Substantial advances have been made in antiretroviral therapy since the introduction of the first agent, zidovudine, in 1987 (Table 49–3). Greater knowledge of viral dynamics through the use of viral load and resistance testing has made it clear that combina-tion therapy with maximally potent agents will reduce viral replica-tion to the lowest possible level and decrease the likelihood of emergence of resistance. Thus, administration of combination antiretroviral therapy, typically comprising at least three antiretro-viral agents, has become the standard of care. Viral susceptibility to specific agents varies among patients and may change with time, owing to development of resistance. Therefore, such combinations must be chosen with care and tailored to the individual, as must changes to a given regimen. In addition to potency and susceptibil-ity, important factors in the selection of agents for any given patient are tolerability, convenience, and optimization of adherence.
The retroviral genomic RNA serves as the template for synthe-sis of a double-stranded DNA copy, the provirus (Figure 49–4). Synthesis of the provirus is mediated by a virus-encoded RNA-dependent DNA polymerase, or “reverse transcriptase.” The provirus is translocated to the nucleus and integrated into host DNA. Transcription of this integrated DNA is regulated primarily by cellular machinery.
Six classes of antiretroviral agents are currently available for use: nucleoside/nucleotide reverse transcriptase inhibitors (NRTIs), nonnucleoside reverse transcriptase inhibitors (NNRTIs), protease inhibitors (PIs), fusion inhibitors, CCR5 receptor antagonists, and integrase inhibitors. As new agents have become available, several older ones have had diminished usage, because of either suboptimal safety profile or inferior antiviral potency. It is important to recog-nize that the high rate of mutation of HIV-1 per replication cycle results in a great potential for genotypic variation. Genotypic resis-tance has been reported for each of the antiretroviral agents cur-rently in use. Treatment that slows or stops replication is critical in reducing the number of cumulative mutations, as is the use of combinations of agents with differing susceptibility patterns.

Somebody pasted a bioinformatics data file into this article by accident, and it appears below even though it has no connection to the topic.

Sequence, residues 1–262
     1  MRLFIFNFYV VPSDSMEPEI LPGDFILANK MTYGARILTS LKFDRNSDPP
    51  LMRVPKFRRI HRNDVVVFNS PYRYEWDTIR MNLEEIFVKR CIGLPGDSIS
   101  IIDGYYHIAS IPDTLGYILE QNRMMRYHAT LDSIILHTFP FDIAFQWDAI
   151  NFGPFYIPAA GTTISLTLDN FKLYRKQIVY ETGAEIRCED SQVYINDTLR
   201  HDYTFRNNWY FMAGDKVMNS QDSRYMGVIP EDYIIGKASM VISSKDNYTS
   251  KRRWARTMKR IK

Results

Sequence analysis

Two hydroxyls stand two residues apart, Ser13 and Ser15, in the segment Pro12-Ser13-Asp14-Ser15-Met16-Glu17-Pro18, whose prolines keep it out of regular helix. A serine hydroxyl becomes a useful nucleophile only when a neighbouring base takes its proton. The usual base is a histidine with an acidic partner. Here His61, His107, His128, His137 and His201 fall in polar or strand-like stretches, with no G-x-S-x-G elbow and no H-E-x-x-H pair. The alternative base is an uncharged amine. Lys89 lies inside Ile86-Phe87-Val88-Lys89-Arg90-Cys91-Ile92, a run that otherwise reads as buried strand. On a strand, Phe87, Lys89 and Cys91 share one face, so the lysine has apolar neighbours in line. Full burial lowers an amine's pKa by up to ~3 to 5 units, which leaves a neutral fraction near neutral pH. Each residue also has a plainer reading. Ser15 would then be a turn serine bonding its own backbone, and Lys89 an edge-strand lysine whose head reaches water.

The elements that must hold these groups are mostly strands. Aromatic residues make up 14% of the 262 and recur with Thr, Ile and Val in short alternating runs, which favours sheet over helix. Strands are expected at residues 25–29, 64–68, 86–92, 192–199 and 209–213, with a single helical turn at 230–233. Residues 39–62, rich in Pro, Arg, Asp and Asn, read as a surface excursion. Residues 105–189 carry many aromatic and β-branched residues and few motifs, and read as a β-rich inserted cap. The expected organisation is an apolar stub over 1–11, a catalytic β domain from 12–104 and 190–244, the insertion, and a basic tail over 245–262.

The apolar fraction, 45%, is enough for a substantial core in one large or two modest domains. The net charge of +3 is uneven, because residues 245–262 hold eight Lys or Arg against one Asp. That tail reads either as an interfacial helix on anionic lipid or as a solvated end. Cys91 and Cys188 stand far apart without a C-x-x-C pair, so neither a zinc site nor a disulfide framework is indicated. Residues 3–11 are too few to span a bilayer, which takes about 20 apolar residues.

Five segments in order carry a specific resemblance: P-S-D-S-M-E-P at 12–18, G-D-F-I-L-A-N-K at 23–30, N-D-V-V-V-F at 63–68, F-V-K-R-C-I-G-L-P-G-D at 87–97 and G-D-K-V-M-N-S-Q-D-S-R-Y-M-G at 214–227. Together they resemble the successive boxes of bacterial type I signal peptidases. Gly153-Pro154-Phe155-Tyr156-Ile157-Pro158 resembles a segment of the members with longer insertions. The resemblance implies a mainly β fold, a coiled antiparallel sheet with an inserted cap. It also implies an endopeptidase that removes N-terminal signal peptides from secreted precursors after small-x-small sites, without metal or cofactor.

It should be noted that in vitro susceptibility of HIV-2 to the NRTIs is similar to that of HIV-1, albeit with a lower genetic barrier to resistance. There is innate resistance of HIV-2 to the NNRTIs, due to a different structure of the reverse transcriptases’ NNRTI binding pockets; enfuvirtide has no activity against HIV-2. Data on the activity of PI agents and maraviroc against HIV-2 are sparse and inconclusive.